By Professor Mohan Dutta | Tuesday 1 August 2023
This opinion piece is the second of a five-part series on the organised attack of the far right on communication and media studies pedagogy. This ecosystem has picked me as a sample case for all that is wrong with the discipline as a propaganda instrument of what it terms the “Left Woke Agenda.”
The far-right thrives on hate.
Hate delivers an ever-expanding global market of readers/viewers/listeners.
Moreover, it delivers a political market. That’s why hate proliferates in election cycles, building up to elections. Whether it is Modi’s Hindutva, Bolsonaro’s Brazilian Christo-fascism, or Trump’s white supremacist Christian nationalism, far-right authoritarian strategies depend on hate to take over democratic processes and spaces. One of the cornerstones in the political mobilisation of the far-right across these movements is the attack on education and learning, seeking to replace critical education with propaganda upholding the majoritarian ideology (consider here the convergence in the attacks on history curricula), activated around drummed-up fears of what the youth are being fed in schools. Moreover, the ideology seeks to redo learning as a vocation and technique, framing critical pedagogy as propaganda that doesn’t belong in the classroom.
At its core, the mobilisation of hate to attack pedagogy seeks to retain power in the hands of the elite.
Hate lies at the core of the neoliberal attack on public resources. Conservative political parties, think tanks, and media work hand-in-hand to mobilise hate as a strategy for organising systemic attacks on public services, public education, and public pensions etcetera. Consider the mobilisation of attacks on critical race theory as part of this broader agenda of attacking public schools, catalysing the privatisation of education, an agenda aggressively pursued by right-wing think tanks in the United States, and globally, with key ideas originating from the US right-wing infrastructure.
In a speech delivered at the National Archives Museum in 2020, Trump attacked critical race theory by stating that it encourages “deceptions, falsehoods and lies” by the “left-wing cultural revolution”.
Suggesting that students in US universities are inundated with what he terms “critical race theory propaganda,” Trump said, “This is a Marxist doctrine holding that America is a wicked and racist nation, that even young children are complicit in oppression, and that our entire society must be radically transformed. Critical race theory is being forced into our children’s schools, it’s being imposed into workplace trainings, and it’s being deployed to rip apart friends, neighbours, and families.”
The Trump ban on critical race theory, formally known as Executive Order 13950, catalysed systemic attacks on the teaching of critical race theory across institutions by far-right politicians in all but one US states, threatening schools with the loss of funds. Higher education institutions are at the core of the targeted attack by the far-right because research and teaching around critical thought and analysis, reasoned argumentation, and informed public discourse are seen as originating from these institutions. This organised attack on Critical Race Theory, funded by dark money, forms a core infrastructure of the far-right, mainstreamed into right-wing policies targeting Critical Race Theory globally (see examples of the attacks in the UK, Australia, and in Aotearoa New Zealand). Here, the agenda is pushed by various far-right groups, including the group Family First, finding its way into mainstream political rhetoric.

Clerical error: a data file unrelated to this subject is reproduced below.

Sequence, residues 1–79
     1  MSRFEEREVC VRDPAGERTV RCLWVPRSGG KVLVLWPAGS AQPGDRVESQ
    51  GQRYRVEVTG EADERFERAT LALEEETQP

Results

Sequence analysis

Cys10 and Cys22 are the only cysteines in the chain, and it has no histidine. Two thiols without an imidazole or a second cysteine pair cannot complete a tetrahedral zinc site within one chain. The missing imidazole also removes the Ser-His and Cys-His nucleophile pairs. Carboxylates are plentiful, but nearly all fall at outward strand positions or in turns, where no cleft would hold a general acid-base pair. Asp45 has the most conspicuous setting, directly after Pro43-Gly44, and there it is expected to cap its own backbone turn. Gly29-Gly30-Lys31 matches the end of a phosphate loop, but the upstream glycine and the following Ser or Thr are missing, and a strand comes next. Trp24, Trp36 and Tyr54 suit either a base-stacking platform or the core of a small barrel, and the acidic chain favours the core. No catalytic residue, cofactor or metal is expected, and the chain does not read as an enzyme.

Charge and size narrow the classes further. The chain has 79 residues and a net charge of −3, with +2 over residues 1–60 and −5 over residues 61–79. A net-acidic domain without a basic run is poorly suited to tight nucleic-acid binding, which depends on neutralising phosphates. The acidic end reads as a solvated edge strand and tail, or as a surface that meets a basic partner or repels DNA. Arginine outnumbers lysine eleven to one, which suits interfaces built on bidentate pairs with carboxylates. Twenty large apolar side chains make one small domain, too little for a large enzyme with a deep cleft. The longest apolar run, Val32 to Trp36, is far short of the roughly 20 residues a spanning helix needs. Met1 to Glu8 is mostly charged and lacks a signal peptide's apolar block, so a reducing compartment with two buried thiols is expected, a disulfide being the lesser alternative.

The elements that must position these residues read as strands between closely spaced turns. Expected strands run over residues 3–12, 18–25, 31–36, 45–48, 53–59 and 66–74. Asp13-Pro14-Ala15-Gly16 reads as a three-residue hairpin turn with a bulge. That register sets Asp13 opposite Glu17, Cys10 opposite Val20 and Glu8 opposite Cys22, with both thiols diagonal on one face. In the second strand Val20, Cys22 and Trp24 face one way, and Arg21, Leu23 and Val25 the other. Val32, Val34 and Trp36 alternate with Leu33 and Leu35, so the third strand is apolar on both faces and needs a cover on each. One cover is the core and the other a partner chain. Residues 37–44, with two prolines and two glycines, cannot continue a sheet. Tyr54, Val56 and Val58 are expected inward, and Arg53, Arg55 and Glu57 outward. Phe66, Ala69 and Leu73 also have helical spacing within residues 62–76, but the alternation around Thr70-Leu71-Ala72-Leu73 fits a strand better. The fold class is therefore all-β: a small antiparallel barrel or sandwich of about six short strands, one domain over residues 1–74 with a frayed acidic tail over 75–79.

The global mobilisation of right-wing attacks on critical race theory is reflective of the influential role of the US in disseminating the far-right ideology, offering the discursive infrastructure for potential US interference in democratic processes across spaces. Atlas Network, a US-based global network of right-wing policy infrastructures, actively pushes policies promoting privatisation, interfering with political processes and inserting right-wing neoliberal frames into electoral systems. Atlas Network receives funding from a range of actors including the US State Department, the National Endowment for Democracy, and the infamous Koch Foundation. Consider here the role of the Atlas Network in shaping Latin American politics, and in shaping the wholesale privatisation of the public sectors.
Why communication studies threatens misinformation
The infrastructure of hate is built on misinformation.
As I have documented in my scholarship, a core strategy for crafting misinformation is communicative inversion, the mobilisation of symbols to turn materiality on its head.
For example, in the hideous communicative infrastructure of the far-right, the beauty of organising in communities that have been historically marginalised by settler colonial structures to secure better health outcomes, growing food gardens, advocating for safe play areas, and participating in preventive activities is turned on its head, projected as part of a nefarious radical agenda.